TwoDog2 wrote:I think those differences are real hop, I have experienced that too. The problem is, I have never had identical teas, in pressed and loose form side by side. I have had some similar teas though, and there is some difference there. I think it has something to do with the fact that the exposure to air is more uniform in one case than in the other.
debunix wrote:TwoDog2 wrote:I wonder if anyone has done any extensive research on that kind of thing - which chemical reactions occur at which speed, and how they differ in varying 'air'. Interesting ideas that I am not enough of a scientist to dissect
I'm just enough of a scientist to wonder about them, but not enough of a chemist to know how dramatically different the environment is inside a beeng, as all but the most severely compressed bricks don't seem 'airtight'.
David R. wrote:Exactly. Fermentation will happen only during the aging/maturation process, not in the actual making of the tea. But somehow the ISO standards word appears to be "fermentation" even if the actual reaction is oxidation.
Drax wrote:One of the first things to consider is that when you are talking about "oxidation" you are likely referring to the reaction of oxygen with chemicals in the tea. These reactions probably don't need any enzymes, because oxygen is pretty reactive.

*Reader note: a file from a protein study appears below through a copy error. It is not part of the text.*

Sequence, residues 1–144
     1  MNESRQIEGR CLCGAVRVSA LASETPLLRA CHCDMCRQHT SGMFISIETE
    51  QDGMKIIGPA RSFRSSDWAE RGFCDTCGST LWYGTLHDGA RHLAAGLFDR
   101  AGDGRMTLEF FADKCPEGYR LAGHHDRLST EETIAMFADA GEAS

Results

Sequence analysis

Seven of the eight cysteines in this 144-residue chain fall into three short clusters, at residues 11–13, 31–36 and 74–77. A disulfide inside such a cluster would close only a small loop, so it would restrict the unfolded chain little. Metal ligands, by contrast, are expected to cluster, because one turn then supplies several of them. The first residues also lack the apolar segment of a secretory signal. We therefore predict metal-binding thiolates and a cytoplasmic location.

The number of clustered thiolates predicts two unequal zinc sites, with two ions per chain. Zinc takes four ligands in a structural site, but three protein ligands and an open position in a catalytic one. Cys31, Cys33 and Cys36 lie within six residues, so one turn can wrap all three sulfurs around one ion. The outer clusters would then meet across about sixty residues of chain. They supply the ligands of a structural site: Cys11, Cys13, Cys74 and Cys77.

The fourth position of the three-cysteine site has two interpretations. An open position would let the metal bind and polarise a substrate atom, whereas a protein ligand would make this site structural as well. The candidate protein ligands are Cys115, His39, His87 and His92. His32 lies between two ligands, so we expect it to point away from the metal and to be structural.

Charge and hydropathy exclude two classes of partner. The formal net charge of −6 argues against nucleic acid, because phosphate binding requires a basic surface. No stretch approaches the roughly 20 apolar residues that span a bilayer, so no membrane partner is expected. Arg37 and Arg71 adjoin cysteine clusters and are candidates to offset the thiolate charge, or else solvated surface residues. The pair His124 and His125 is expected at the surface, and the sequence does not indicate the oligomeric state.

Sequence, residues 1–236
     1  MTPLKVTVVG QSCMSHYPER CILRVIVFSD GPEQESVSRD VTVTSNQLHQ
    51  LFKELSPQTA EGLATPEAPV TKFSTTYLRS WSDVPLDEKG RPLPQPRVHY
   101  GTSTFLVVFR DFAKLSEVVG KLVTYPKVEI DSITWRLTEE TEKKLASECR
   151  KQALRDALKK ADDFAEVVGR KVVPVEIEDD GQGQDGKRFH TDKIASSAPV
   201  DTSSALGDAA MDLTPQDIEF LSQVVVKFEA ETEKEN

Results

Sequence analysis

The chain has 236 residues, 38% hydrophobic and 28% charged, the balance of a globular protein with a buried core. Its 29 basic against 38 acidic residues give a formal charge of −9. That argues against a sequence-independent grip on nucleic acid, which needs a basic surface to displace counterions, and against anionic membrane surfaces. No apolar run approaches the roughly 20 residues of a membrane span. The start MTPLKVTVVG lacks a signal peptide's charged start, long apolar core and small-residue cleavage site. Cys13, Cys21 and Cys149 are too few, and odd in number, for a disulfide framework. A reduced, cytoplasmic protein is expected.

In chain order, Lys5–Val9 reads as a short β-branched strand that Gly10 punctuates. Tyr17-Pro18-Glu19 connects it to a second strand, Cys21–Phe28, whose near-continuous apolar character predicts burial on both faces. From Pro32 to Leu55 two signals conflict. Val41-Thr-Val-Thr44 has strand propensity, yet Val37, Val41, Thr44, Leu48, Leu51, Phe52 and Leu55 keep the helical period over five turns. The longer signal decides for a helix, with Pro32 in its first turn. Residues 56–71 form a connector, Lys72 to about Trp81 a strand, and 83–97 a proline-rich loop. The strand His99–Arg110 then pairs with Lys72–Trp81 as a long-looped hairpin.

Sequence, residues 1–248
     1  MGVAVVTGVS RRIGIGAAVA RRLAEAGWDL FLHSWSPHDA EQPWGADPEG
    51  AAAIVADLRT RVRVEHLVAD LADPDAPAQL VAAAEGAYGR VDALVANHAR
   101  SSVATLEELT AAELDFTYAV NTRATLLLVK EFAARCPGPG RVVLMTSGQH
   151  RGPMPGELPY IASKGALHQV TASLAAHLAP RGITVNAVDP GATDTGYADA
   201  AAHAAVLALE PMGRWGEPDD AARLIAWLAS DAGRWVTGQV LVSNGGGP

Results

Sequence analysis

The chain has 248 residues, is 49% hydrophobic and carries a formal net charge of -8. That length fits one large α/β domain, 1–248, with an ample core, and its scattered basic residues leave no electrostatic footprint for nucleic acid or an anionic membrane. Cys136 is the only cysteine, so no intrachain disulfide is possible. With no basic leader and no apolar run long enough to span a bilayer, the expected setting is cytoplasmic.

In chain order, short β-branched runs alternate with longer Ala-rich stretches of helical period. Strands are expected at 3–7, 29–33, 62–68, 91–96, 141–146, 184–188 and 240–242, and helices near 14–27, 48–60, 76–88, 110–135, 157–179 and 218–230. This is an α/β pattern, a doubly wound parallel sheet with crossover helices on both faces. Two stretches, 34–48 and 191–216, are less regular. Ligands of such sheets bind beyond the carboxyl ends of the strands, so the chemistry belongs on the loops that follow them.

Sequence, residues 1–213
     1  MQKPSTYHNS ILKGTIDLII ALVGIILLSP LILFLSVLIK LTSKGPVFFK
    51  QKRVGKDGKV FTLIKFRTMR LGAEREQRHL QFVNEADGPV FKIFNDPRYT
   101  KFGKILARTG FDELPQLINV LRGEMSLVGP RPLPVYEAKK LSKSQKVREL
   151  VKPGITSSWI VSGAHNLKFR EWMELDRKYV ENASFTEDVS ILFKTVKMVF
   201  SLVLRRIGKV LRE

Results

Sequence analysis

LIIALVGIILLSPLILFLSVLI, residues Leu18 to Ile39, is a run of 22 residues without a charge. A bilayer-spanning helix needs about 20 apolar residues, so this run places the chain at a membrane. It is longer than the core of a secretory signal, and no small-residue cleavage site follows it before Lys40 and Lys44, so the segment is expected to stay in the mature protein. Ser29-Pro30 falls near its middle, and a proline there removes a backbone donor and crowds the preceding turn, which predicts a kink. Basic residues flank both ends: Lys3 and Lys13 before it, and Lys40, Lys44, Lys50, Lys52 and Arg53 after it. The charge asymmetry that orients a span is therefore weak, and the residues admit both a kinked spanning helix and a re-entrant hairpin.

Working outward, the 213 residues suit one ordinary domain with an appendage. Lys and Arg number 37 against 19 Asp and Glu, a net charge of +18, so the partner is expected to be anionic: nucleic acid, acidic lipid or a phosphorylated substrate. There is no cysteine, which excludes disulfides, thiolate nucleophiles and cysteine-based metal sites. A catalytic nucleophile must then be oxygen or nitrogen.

This is accompanied by agitation in some cases. In this process the chlorophyll in the leaves is enzymatically broken down, and its tannins are released or transformed. This process is sometimes referred to as "fermentation" in the tea industry. The tea producer may choose when the oxidation should be stopped, which depends on the desired qualities in the final tea as well as the weather conditions (heat and humidity).
Saayuq wrote:I think I understand chemistry a little bit better than I do tea, nevertheless here are some musings. If the agents responsible for converting a young sheng into an old sheng are microbial, I would predict that the steaming of the leaves prior to pressing and the subsequent warmth of drying the beeng should kickstart the microbial process. Since there would be significant period of time during which the beeng would be moister than the mao cha. Then assuming the storage conditions are equal, the beeng would age faster, having a denser initial population of microbes.
If the presence of oxygen as an oxidizer is more important, the mao cha should have more uniform access to it and age faster. I'll let somebody else try this: raise the oxygen level in your left cupboard by putting a tbsp of yeast in a cup of hydrogen peroxide every day (this generates diatomic oxygen) and let everything else be equal in your right cupboard except for the additional oxygen.